Influence of Position of Substituent Groups on Removal of Chlorophenols and Cresols by Horseradish Peroxidase and Determination of Optimum Conditions

Department of Applied Molecular Chemistry, College of Industrial Technology, Nihon University, Japan.
Bioscience Biotechnology and Biochemistry (Impact Factor: 1.06). 11/2007; 71(10):2503-10. DOI: 10.1271/bbb.70298
Source: PubMed


Enzymatic treatment of o-, m-, and p-chlorophenols and o-, m-, and p-cresols from artificial wastewater was undertaken through the enzymatic conversion into the corresponding phenoxy radicals with horseradish peroxidase (HRP) and nonenzymatic radical coupling reaction. The concentration of chlorophenols and cresols decreased sharply over the reaction time and water-insoluble oligomer precipitates were generated. The optimum conditions were determined to be the H2O2 concentration of 2.5 mM and poly(ethylene glycol) with molecular mass of 1.0 x 10(4) (10K-PEG) of 0.10 mg/cm3 at 30 degrees C for treatment of p-chlorophenol at 2.5 mM. The optimum pH values depended on the relative position of a chlorine atom for chlorophenols and on a methyl group for cresols. Concentrations of HRP and 10K-PEG were increased to 1.0 U/cm3 and 1.0 mg/cm3 respectively to treat m-chlorophenol highly. For o-chlorophenol, a decrease in the pH value to 3.0 after the enzymatic treatment led to the enhancement of the aggregation of oligomer precipitates. The % residual value for o-cresol effectively decreased by absorbing water-soluble intermediates on the chitosan films. These results indicate that chlorophenols and cresols were removed to a great degree by this technique, although the detailed procedure depended on the position of substituent groups of chlorophenols and cresols.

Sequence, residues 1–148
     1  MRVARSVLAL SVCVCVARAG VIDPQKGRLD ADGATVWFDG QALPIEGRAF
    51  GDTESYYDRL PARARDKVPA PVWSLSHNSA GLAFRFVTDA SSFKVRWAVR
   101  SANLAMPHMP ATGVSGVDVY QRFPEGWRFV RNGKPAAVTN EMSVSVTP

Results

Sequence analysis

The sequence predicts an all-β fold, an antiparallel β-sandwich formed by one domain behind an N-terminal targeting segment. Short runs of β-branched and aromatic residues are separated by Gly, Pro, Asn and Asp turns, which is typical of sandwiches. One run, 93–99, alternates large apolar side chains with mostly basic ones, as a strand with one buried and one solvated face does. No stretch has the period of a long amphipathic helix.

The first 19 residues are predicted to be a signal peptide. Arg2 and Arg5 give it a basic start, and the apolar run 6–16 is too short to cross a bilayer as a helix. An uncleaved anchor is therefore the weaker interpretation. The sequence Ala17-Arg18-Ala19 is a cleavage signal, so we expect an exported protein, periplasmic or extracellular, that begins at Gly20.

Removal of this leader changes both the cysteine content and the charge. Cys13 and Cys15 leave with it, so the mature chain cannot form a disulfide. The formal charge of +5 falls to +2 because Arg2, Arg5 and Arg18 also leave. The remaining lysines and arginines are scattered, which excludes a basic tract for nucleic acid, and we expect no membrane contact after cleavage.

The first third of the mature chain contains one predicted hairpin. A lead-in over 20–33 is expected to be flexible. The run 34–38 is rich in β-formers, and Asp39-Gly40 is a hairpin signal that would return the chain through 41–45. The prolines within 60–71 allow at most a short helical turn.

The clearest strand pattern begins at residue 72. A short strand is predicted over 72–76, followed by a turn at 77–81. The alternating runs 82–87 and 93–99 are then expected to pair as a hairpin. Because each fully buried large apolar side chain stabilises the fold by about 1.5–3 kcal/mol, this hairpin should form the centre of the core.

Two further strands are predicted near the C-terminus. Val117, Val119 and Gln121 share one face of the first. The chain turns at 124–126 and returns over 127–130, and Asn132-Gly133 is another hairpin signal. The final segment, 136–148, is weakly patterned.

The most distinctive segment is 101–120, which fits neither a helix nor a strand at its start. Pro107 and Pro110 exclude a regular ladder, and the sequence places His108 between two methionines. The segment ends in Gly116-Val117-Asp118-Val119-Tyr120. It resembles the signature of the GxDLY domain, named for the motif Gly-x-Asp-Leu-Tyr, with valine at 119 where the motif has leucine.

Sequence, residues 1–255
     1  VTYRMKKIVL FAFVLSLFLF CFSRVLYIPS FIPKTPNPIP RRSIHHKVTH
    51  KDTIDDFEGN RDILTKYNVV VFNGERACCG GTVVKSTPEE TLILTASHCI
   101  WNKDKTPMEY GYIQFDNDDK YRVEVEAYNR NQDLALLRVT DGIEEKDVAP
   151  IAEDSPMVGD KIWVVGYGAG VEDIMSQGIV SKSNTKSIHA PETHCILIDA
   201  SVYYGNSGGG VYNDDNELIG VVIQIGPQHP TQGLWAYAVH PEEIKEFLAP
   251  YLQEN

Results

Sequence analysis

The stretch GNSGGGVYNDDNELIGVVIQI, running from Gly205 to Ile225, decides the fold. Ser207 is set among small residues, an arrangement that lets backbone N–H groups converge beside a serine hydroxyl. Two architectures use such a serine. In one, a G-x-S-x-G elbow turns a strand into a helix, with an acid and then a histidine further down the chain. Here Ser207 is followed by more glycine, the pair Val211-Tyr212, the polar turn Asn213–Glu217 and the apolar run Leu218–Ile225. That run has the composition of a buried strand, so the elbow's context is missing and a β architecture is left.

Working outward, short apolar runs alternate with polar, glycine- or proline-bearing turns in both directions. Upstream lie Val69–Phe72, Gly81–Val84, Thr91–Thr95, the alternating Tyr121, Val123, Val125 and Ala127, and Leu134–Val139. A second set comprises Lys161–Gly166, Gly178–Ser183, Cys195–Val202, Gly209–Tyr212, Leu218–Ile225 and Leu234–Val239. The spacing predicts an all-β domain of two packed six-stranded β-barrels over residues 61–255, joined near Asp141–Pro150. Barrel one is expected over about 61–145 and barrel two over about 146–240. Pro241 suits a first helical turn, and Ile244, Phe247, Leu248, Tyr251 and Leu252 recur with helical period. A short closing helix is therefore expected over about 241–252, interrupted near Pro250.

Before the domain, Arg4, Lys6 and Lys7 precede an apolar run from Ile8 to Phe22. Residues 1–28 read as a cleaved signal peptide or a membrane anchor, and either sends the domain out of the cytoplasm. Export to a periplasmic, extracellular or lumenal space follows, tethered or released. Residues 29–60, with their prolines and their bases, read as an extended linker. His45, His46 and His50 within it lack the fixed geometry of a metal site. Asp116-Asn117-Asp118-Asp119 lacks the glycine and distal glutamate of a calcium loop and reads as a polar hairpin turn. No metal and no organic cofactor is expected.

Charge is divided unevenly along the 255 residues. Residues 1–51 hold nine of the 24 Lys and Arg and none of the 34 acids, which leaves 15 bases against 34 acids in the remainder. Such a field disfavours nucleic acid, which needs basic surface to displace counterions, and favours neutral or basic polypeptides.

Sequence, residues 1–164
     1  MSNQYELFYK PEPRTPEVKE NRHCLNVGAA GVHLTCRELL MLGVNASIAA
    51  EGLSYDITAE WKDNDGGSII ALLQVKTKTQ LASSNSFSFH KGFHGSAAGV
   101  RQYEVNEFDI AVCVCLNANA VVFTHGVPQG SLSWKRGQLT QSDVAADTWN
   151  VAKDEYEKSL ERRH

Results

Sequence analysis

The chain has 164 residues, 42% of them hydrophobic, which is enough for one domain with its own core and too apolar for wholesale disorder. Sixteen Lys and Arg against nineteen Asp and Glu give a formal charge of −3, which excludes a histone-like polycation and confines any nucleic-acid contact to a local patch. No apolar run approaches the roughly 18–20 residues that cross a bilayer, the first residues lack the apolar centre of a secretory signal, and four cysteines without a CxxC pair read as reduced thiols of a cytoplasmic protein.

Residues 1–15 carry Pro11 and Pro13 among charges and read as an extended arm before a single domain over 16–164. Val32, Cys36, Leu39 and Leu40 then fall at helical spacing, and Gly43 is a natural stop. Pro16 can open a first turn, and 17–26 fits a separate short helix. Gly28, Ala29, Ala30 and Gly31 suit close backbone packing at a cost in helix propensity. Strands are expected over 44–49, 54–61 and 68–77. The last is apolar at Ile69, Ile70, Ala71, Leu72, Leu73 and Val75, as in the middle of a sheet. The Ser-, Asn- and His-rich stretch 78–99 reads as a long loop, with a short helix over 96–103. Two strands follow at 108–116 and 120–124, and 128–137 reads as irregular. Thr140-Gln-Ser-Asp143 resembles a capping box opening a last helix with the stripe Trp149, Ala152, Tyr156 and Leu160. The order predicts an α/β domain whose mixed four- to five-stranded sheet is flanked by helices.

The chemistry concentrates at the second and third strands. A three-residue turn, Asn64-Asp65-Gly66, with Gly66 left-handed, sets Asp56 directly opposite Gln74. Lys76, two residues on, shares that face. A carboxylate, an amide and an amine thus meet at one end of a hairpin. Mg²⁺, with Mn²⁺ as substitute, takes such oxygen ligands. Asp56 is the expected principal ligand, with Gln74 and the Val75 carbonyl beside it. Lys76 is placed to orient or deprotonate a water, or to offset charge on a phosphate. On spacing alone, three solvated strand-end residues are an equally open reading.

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    • "This assumption is supported by the outcome of other studies, which demonstrated that a decrease in pH resulted in decreased solubility of phenol oxidation products generated through horseradish POD-mediated oxidation (Huang et al. 2005). Further, a decrease in pH was shown to enhance aggregation of chlorophenol oligomers and thus facilitate their subsequent precipitation, upon treatment with horseradish POD (Yamada et al. 2007). A rational substantiation of the speculated removal through polymerisation and precipitation could derive from the investigation of the polyphenolic profile. "
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